Jewelry Store Image
Image from "Tiny Jewelry Box"

Jewelry stores are increasingly trying to cater to customers seeking combinations of contemporary and vintage pieces. Here's some advice and curating tips for jewelers on how to stock and display a mix of modern and antique jewelry.

Curating a mix of contemporary and antique or vintage pieces is a rising trend at modern fine-jewelry stores, and it’s turning shop owners into jewelry mixologists who cater to the growing number of women seeking rare pieces with style, character and meaning. Today, more designers are borrowing elements, symbolism and motifs from historical jewelry, while collectors are continually drawn to the storied and sustainable nature of authentic antique and vintage pieces. For retailers, stocking the best of both worlds can lead to multiple sales as clients build jewelry wardrobes that combine past and present styles.

Learning from experience

Image from Esqueleto

Store owners who already combine antique/vintage and modern jewels in their displays have some advice for those just getting started, particularly regarding mistakes to avoid.


  • Read the room. “We are living in different times right now,” says Jim Rosenheim of Tiny Jewel Box. “Women are still buying jewelry, but our lifestyles have grown very casual — working from home, maybe seeing a few friends in an environment that is outside and more distanced. It won’t be like this forever, but it’s something to think about for the next few years. Women are investing in pieces they can wear now, that make them feel confident and empowered and speak to their beliefs, hopes and strength. They aren’t getting dressed up to go to parties, so it’s important for the stores to rethink what they are curating.”
  • Don’t skimp on quality. “If you are looking for finely made antique or vintage jewelry, you need to look for the same refined quality in the modern jewelry you offer,” advises Sheri Evans of Metier SF. “Poorly made contemporary pieces won’t translate well with authentic period pieces.”
  • Positioning is important. “Don’t forget to juxtapose pieces,” says Evans. “Ornate with minimal, rugged with more elegant, and bold with delicate are just a few examples.”
  • Don’t overbuy in either category. “It’s challenging knowing where to invest money and energy,” acknowledges Lauren Wolf of Esqueleto. “It’s definitely a balance between being well-stocked and having pieces that aren’t moving, or bringing in more pieces before the ones you have sell.”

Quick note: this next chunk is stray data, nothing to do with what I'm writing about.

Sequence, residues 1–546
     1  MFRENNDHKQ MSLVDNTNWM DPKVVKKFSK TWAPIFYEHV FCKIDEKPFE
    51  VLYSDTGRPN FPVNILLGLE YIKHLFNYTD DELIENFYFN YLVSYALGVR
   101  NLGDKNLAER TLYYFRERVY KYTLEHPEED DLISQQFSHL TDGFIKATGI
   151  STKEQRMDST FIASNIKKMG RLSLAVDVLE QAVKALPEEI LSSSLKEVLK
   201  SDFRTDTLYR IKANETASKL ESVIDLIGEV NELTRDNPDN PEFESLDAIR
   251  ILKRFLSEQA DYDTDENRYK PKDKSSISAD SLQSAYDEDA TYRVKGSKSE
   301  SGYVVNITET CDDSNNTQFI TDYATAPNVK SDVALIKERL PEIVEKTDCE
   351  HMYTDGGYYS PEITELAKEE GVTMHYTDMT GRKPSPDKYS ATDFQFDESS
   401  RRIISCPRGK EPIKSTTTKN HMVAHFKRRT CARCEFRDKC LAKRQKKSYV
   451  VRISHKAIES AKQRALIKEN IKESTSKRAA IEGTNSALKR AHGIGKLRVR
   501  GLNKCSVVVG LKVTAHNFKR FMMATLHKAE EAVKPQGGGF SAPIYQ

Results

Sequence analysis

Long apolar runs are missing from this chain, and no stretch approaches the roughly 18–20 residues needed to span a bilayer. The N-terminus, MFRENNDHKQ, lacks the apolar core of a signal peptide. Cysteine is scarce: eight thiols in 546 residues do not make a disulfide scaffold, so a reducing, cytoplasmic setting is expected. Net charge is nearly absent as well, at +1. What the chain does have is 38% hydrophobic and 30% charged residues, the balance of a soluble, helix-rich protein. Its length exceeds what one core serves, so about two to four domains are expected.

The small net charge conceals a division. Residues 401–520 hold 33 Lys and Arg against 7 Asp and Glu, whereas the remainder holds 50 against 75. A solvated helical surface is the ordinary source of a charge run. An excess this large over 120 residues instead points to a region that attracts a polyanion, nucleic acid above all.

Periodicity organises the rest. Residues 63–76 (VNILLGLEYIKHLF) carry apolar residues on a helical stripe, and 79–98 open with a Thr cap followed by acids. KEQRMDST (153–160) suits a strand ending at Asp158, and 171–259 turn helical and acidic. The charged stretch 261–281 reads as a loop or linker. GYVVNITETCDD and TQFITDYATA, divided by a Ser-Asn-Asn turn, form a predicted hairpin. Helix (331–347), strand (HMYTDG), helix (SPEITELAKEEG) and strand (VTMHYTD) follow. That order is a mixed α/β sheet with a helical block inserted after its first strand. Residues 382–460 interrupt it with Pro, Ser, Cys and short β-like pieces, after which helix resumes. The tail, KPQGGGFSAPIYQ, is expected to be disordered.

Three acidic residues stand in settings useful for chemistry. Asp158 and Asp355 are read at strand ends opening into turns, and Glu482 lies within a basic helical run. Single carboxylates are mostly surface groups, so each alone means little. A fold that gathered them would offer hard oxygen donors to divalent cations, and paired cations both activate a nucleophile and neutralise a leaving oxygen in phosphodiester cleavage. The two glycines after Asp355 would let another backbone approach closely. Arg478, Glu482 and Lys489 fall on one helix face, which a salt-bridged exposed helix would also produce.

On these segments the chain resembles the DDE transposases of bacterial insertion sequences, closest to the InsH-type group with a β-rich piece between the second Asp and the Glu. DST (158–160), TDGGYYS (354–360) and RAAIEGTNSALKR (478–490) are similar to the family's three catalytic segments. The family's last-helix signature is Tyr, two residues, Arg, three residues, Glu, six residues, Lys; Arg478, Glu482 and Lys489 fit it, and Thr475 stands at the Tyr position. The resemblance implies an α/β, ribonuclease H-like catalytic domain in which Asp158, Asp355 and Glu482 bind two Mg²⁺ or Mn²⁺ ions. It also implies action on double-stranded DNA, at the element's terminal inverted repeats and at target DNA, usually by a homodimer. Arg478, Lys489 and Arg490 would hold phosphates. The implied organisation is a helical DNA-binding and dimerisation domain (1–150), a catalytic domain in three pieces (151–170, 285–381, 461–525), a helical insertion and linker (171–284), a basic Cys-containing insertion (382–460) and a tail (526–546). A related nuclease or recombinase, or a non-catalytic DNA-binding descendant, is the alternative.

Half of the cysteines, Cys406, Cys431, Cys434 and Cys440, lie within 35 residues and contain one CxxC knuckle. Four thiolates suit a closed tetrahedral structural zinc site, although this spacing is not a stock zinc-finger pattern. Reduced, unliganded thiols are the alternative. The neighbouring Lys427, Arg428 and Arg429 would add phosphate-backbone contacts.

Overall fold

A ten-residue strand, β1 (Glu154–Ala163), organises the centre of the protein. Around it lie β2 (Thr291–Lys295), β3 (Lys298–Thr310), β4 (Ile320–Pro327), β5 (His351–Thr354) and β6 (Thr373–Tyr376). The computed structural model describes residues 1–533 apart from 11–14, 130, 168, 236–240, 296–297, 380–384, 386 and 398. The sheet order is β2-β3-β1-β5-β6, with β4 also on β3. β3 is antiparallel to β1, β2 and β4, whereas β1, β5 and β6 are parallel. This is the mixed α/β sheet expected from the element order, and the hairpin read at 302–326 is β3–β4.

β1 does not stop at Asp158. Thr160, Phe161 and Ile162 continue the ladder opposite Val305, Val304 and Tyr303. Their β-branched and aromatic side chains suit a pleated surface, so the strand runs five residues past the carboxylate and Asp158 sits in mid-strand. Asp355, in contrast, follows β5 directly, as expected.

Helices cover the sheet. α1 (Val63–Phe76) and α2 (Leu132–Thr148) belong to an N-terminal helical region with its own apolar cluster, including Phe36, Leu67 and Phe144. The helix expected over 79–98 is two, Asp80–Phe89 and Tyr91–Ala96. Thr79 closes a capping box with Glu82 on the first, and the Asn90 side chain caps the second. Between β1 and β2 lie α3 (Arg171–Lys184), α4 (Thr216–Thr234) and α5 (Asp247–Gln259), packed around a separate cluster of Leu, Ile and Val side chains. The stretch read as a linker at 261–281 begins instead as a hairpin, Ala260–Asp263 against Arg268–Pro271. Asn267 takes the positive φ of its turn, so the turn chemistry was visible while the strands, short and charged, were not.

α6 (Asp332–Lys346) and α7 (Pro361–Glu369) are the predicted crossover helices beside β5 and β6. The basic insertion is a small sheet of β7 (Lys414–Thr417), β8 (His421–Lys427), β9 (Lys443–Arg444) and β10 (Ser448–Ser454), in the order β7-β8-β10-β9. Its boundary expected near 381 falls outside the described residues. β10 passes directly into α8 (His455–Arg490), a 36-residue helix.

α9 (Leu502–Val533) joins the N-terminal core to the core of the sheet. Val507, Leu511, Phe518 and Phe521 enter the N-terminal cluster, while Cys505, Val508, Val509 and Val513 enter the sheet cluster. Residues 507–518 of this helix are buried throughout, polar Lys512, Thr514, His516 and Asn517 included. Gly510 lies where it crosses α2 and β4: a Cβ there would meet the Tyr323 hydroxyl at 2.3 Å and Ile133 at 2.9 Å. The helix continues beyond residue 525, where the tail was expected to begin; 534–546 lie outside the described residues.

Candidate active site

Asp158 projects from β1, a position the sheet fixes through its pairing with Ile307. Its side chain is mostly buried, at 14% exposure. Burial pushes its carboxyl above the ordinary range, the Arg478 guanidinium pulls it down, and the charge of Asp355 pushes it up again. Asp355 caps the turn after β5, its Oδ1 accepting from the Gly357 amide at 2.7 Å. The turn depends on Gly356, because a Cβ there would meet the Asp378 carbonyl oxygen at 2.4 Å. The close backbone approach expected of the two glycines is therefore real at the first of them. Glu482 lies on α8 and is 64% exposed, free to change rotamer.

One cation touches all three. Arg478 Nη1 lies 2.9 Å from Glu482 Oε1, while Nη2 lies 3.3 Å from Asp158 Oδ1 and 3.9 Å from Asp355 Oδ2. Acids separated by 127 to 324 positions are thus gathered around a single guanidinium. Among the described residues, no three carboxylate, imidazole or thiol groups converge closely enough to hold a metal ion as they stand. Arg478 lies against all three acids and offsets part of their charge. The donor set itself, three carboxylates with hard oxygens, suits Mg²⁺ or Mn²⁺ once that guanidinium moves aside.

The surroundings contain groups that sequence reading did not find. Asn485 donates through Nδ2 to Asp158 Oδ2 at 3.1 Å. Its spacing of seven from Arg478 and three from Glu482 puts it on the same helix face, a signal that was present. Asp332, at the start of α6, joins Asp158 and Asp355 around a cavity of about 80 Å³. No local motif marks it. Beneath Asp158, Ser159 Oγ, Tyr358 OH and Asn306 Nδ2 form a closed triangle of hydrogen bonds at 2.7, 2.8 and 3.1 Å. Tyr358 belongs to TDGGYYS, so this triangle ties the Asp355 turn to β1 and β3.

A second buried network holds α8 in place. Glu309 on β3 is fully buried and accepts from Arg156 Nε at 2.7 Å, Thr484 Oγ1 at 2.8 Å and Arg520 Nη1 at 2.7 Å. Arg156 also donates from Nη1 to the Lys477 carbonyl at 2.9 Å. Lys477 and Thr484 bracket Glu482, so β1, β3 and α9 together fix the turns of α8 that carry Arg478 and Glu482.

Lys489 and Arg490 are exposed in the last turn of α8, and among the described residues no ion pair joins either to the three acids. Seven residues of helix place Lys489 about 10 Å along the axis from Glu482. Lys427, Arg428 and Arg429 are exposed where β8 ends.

• Watch out for reproductions. Replicas of items from the Georgian through Art Deco periods, as well as signed jewels, have managed to fool even the most knowledgeable dealers. “We are hyper-aware of what’s going on and try and stay away from the categories that are being copied the most,” says Evans. “But anyone can make a mistake — and when we do, we are always willing to give a refund.”

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Curating tips

Mertier SF
Image from Mertier SF

As creative director of estate dealer Fred Leighton, Rebecca Selva has been helping style A-list celebrities for more than 20 years, including actresses Nicole Kidman, Sarah Jessica Parker, Lupita Nyong’o, Meryl Streep and Natalie Portman. The legendary jewelry store carries pieces dating back to the Georgian era, but also includes new in-house designs. For her red-carpet looks, Selva taps into each client’s distinct personality and reworks the pieces in unexpected ways.

“It’s much more fun when styling jewelry not to stay true to one time period,” she says. “This gives all of the jewelry a current feeling and allows women to get creative and wear their more dressy jewelry more casually and more often. It’s all about finding balance in asymmetry and using some imagination and your instincts while doing it.”

Here, she shares her tips for helping clients curate a good mix for their collections and wardrobes.

  • See which pieces speak to each other — the textures, finishes and styles that cross periods, yet work together aesthetically.
  • Find one anchor piece. You can start with a statement piece, be it contemporary or antique. “My favorite necklace to work around is a Georgian rivière necklace,” says Selva. “You can graduate delicate pendants and beautifully designed gold chains from there.”
  • Add little elements of surprise. Playing off the anchor piece, add on a gold chain for layering and attach, for example, a modern pendant in the center and then one small vintage brooch or pendant asymmetrically on the side. It will add more interest.
  • Don’t let a layered look get messy. To achieve an impactful look, take any charm or medallion out — anything that is too fussy. Allow each piece to be seen and become a significant part of the jewelry story you are creating.
  • When it comes to metal colors, take an “anything goes” approach. You don’t have to wear all white or all yellow like you thought you did. Mixing up white gold or platinum with yellow or rose gold and using different styles of chains and components pops the styling.
  • Take seemingly disparate pieces and throw caution to the wind by wearing them together. You can be spontaneous and get playful with even the most serious of jewelry.
  • If you have a favorite idea or piece that you love wearing one way, try putting it on another part of your body. You might even start to prefer it that way. For instance, says Selva, “I love the look of gold vintage wedding bands on a chain around the neck.”